The Secret Mozilla Hubs Master Plan

Greg Fodor
9 min readApr 19, 2020


In the spirit of the Secret Tesla Motors Master Plan, this article is about our master plan behind Hubs and Spoke at Mozilla, and the arrival of the web emergent metaverse.

We predict that the 3D ‘metaverse’ will grow out of a similar set of pre-conditions as the World Wide Web.

By understanding the pre-conditions that led to the success of the WWW, and noting what was missing from those pre-conditions, we’ve tried to predict what the first global scale 3D metaverse will look like. Hubs and Spoke are our early attempts to get us there in a way we think will best serve humanity. We are designing them to ensure they grow, adapt, and last forever, much like the Internet and the web.

Why did the web win?

The web was the first successful globally distributed, decentralized multimedia networked document platform. The key ingredients were several new technologies atop the Internet stack:

  • URLs, which uniquely identified and allowed retrieval of resources
  • HTML which enabled semi-structured, but forgiving, multimedia document creation with links
  • HTTP which allowed the resolution + retrieval of HTML documents
  • Free-to-distribute, easy-to-run web servers
  • Free web browser clients for displaying and traversing HTML documents
  • Neutral, profit-agnostic governance and actors shepherding its development

What the web wasn’t

The web was opinionated.

It excluded lots of stuff similar projects didn’t, like:

  • Bi-directional linking
  • Unified user identity between sites
  • Transactions and commerce
  • Dynamic, programmable documents

Even three decades later, of the list above, only programmable documents have become part of the web itself. Clearly, none of these features were necessary for the web to succeed. And of course, projects similar to the web that tried to include them all failed, perhaps in part due to the inclusion of what ended up being superfluous features.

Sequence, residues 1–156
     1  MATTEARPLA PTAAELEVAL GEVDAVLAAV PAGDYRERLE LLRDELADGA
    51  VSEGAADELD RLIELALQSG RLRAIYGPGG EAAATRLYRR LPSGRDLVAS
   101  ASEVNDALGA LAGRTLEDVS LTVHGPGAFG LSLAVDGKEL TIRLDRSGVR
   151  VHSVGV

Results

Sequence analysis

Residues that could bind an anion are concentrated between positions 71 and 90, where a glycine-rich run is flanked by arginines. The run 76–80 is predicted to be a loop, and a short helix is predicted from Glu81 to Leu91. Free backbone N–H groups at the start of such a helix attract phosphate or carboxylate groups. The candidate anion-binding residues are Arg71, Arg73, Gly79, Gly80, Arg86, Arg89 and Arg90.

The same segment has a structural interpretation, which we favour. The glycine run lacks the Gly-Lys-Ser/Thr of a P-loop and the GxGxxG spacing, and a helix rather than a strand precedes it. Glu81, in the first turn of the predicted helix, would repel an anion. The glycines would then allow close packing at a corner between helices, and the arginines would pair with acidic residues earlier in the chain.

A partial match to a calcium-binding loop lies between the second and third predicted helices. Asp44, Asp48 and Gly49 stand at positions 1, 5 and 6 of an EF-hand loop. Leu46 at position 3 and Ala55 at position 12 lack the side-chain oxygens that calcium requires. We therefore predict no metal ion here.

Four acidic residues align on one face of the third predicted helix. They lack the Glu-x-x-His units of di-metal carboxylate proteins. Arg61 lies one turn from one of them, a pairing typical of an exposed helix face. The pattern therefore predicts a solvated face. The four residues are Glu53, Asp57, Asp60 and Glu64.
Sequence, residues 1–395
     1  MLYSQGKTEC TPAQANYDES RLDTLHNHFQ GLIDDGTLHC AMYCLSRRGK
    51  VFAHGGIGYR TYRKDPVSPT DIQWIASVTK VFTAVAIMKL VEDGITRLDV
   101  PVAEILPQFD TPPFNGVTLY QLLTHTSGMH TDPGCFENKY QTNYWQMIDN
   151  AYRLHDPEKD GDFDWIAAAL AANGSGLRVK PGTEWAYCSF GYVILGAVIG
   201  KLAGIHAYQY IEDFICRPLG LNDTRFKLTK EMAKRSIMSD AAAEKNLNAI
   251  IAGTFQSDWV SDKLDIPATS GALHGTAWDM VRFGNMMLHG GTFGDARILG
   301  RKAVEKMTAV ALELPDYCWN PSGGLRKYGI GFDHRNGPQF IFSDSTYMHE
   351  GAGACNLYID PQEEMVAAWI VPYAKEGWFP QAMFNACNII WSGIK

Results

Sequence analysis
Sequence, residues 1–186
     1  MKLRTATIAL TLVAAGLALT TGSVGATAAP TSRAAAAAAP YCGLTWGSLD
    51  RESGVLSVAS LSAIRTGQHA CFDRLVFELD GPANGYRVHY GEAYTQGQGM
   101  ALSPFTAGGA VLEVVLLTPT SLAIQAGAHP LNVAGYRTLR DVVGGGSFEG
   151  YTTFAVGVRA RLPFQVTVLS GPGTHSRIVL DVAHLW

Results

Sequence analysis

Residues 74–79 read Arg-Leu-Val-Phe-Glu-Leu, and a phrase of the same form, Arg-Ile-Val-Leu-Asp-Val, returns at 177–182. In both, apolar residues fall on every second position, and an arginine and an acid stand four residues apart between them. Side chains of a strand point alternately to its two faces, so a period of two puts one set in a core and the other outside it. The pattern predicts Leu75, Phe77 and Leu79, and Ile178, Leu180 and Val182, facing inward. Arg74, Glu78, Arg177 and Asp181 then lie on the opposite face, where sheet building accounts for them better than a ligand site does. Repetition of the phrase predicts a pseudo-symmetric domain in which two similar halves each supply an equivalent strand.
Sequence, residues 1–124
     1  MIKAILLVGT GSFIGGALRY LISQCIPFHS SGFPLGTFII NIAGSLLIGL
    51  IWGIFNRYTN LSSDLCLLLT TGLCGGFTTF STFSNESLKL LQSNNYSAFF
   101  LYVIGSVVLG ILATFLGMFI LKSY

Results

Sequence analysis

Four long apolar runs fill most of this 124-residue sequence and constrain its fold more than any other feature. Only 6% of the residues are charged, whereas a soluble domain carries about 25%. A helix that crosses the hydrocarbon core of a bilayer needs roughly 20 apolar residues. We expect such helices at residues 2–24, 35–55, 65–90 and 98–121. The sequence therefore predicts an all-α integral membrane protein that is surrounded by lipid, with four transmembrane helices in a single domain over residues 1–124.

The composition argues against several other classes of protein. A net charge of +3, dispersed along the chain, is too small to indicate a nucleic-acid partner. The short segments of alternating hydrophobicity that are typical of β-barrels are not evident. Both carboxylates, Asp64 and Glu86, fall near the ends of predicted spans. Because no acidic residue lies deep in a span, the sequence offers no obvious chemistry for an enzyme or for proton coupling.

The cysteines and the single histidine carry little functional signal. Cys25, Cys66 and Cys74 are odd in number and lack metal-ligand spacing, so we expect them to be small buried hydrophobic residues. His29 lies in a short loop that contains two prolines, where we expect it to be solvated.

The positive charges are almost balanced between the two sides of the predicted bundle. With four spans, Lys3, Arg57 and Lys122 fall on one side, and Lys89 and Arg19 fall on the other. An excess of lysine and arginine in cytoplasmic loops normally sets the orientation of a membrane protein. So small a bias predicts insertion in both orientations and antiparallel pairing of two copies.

So, if you’re trying to make something that will grow as big as the web, it is important to think about what to exclude as much as what to include.

Super-networks, and the metaverse

The web was a small set of protocols and software that led to explosive network growth by being layered on top of the Internet.

Similarly, we think the metaverse will be a small set of protocols and software that will lead to explosive network growth by being layered onto the web.

Nobody today would consider building a metaverse that is not part of the Internet. However, many metaverse projects are being built that are not part of the web. Why?

Will the first global metaverse be part of the web, or not?

The document systems that predated the web which didn’t leverage the Internet all failed. We think that metaverse systems not built on top of the web will fail as well. The reason:

The collective endowment of an exponentially growing, decentralized, global super-network will always vastly exceed anything that can be created without it.

For the web, this super-network was the Internet. For the metaverse, the super-network will be both the web and the Internet.

Both the web and Internet are growing exponentially, similar to the growth of the universe, and each represent a beginning of infinity. They will grow exponentially forever, and are anti-fragile. Each of them bequeath an ever-growing, immense endowment of value to all things that are embedded within them.

The endowment of the Internet is connectivity to all of humanity’s computers. The endowment of the web is its content, culture, and the browser. By being built into the web, the metaverse will inherit all of these exponentially growing resources automatically, forever.

So, metaverses embedded in the web will have much greater endowments, more reach, and will outlast all those that are embedded only within the Internet.

The web’s medium, and why it stuck

The web created a new medium at the right level of sophistication and expression. It was a way to create, view, and link hypermedia documents. It was higher level than the plain text Internet content networks of the time, but lower level than a full interactive, programmable multimedia platform.

The web gave people hyper-leverage, but within tight constraints. Anyone could join the network and quickly create rich content due to the simplicity and forgiveness of HTML. Writing HTML is not like programming: browsers ensure that you can make lots of mistakes, and the page will still work.